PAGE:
In October, the weather turned really bad, and Betty added 40 more people to the newly formed community on the property. Now there were over 100 people there. And things were going really well. The camp was very peaceful, they kept the place clean, and kept to a routine. They felt secure, there was no need to hide, no yelling, and they could get a good night’s sleep. Everyone looked for a job, too. If Betty found an employer, people would leave the property and come into town to fill out applications.

Many of the people got jobs. As they found work, three to four people would group together by their own choosing, and move into a place together. One man held a job for four months, and told Betty that he had finally earned enough to return to Florida. He knew he could have asked Betty for a bus ticket, but he wanted to earn it himself. Betty told the landowner this story, and he cried. He was amazed at how the people living on the property supported each other. Betty had once again helped create a sense of community among the homeless, and they were blossoming.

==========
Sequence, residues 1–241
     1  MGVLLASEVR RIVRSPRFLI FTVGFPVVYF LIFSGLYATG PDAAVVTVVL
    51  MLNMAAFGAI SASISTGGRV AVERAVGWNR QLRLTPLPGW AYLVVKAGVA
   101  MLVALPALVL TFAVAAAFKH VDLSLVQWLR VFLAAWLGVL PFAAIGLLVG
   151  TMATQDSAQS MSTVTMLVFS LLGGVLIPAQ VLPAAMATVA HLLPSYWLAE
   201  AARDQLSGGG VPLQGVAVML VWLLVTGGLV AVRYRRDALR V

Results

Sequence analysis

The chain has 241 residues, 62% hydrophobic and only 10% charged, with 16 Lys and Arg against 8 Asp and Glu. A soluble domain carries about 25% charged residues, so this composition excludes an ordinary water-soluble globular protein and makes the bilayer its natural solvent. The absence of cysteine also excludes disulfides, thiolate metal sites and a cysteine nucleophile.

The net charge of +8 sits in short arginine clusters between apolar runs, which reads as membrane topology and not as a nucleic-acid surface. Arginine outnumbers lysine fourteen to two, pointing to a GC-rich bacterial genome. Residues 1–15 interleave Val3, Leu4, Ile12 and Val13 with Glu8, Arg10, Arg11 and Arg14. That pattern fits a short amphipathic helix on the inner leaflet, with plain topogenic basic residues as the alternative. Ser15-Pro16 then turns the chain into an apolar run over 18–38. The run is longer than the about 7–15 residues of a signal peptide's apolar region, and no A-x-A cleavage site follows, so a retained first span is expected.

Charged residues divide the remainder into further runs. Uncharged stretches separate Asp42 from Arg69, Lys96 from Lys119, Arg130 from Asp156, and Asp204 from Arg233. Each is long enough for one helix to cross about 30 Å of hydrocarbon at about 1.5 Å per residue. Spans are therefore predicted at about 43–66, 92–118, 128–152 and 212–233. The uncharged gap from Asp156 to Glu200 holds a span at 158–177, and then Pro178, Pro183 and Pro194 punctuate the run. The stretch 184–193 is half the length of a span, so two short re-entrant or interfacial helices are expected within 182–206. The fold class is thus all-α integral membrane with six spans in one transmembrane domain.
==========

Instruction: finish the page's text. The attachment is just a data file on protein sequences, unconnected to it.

While all of this was going on, Betty was experiencing a lot of anxiety, wondering what she had done. She had no budget to feed these people that were now dependent on her, and no time. She had put this on her own shoulders, acting on instinct, without a plan. Betty’s December fundraiser to help purchase a Family Shelter building was also underway. It was very hard to help deal with the details of the fundraiser when she had an additional 100 people that were dependent on her every day. Yet, when total strangers from the community started stepping up to help out with the fundraiser, Betty’s morale was really boosted. Knowing that people believed in what she was doing gave her courage, inspired her, and helped her learn to believe in herself.

Currently, in early February of 2016, there are only 21 people left living at the camp. Betty figures that she will be able to close down the camp within a month. She believes that this whole experience happened at the right time, in the right place. It has taught her, as well as many of the people that moved to the camp, that you have to believe in yourself and follow your heart. Betty showed them, through example, that you have to take action to make changes. We each have the power to change our own life. But having people that believe in us makes it a whole lot easier.